Aurora and Emma are mother and daughter who march to different drummers. Beginning with Emma's marriage, Aurora shows how difficult and loving she can be. The movie covers several years of ... See full summary »
James L. Brooks
Recent college graduate Benjamin Braddock is trapped into an affair with Mrs. Robinson, who happens to be the wife of his father's business partner and then finds himself falling in love with her daughter, Elaine.
Basket-case network news producer Jane Craig falls for new reporter Tom Grunnick, a pretty boy who represents the trend towards entertainment news she despises. Aaron Altman, a talented but plain correspondent, carries an unrequited torch for Jane. Sparks fly between the three as the network prepares for big changes, and both the news and Jane must decide between style and substance. Written by
Scott Renshaw <email@example.com>
Marc Shaiman and Glen Roven, who play News Theme Writers, are real-life composers who have also done television jingles. Shaiman, after doing Broadcast News, went on to score major motion picture films and has since been nominated for five Academy Awards. See more »
When Jane is giving the cab driver direction to the bar to meet her co-workers after the special report, the directions make no sense. She says "Capp's Bar" is on 17th & Vermont. There is no 17th & Vermont, the two streets do not intersect. Also Jane says "take Connecticut over to 15th and then straight down Vermont and we should bypass Thomas Circle". Connecticut and 15th do not intersect and going straight down Vermont will take you right through Thomas Circle, not around it. See more »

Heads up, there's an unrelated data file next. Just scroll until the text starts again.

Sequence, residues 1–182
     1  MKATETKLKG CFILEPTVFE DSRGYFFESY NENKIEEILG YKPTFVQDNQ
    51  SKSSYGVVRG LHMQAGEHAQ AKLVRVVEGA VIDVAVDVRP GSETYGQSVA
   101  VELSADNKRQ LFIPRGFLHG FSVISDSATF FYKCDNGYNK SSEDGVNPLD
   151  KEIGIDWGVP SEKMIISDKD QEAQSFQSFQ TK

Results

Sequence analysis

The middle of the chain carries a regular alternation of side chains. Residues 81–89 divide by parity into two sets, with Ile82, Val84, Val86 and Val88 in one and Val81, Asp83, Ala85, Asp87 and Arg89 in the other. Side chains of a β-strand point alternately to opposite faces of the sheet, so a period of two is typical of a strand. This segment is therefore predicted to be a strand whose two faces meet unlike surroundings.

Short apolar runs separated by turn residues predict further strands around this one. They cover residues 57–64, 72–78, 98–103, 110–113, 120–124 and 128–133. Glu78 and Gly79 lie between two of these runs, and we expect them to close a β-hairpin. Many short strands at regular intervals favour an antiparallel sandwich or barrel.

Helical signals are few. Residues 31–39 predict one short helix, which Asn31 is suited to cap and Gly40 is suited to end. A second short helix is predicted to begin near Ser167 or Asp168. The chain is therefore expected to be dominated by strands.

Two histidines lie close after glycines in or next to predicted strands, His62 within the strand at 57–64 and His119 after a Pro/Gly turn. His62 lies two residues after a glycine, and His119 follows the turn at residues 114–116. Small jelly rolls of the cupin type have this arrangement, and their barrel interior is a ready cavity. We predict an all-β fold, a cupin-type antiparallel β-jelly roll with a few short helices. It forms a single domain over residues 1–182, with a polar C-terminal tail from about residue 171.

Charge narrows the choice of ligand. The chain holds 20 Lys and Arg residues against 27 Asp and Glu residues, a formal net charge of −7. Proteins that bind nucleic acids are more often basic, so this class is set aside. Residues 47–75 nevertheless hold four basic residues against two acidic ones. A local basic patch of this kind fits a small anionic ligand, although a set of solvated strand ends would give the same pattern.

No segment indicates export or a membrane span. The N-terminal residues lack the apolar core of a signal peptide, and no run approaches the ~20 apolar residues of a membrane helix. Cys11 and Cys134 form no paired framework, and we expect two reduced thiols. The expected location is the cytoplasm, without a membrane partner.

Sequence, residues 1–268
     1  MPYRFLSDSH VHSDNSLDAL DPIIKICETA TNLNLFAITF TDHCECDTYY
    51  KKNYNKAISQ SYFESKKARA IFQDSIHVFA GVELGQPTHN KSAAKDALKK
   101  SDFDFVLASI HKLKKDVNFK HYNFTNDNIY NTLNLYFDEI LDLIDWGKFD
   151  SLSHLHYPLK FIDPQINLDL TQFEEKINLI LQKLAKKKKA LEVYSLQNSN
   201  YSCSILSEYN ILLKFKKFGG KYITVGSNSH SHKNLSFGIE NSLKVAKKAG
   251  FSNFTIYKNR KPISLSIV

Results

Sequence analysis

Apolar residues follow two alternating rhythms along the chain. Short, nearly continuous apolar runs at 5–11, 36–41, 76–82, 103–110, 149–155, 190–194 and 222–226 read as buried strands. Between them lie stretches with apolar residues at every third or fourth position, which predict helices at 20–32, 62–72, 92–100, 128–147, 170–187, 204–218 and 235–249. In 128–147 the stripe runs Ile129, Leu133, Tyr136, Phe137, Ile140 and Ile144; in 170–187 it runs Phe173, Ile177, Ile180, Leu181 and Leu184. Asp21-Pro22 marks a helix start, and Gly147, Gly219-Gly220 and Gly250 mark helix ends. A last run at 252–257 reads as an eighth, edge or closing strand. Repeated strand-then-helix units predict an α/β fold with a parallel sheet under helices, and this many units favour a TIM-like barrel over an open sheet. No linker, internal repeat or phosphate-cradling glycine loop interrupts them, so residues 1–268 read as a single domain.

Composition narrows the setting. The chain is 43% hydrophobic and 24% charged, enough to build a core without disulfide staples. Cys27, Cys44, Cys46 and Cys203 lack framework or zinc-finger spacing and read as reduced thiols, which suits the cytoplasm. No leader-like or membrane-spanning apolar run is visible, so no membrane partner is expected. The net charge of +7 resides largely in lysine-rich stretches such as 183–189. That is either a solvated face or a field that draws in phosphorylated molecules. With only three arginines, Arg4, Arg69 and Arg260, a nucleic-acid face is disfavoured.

And in the middle of all this, I started to think about the one thing that makes me feel really good and makes immediate sense... and it's you.
I'm going to stop right now. Except that I would give anything if you were two people, so that I could call up the one who's my friend and tell her about the one that I like *so much*!
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Albert Brooks' singing of "L'Edition Speciale" from the film also briefly appears in the end credits. See more »
I'm sitting around going through movie listings and not really seeing anything I want to see. My appetite keeps saying, "Something like BROADCAST NEWS." That's what I want. Something smart and funny, with adult ideas and great acting and writing, and a directorial style that doesn't call attention to itself. This may well be Hurt's best performance (is this or THE BIG CHILL, to my mind): however eccentric, Hurt is smart, and to play an unintelligent person without making sure -- wink wink -- the audience knows -- wink wink -- hey, I'M not stupid... well, that's fine acting right there. Hunter is note-perfect, and Albert Brooks is a revelation. (And he can read and sing at the same time!) Great, great work.
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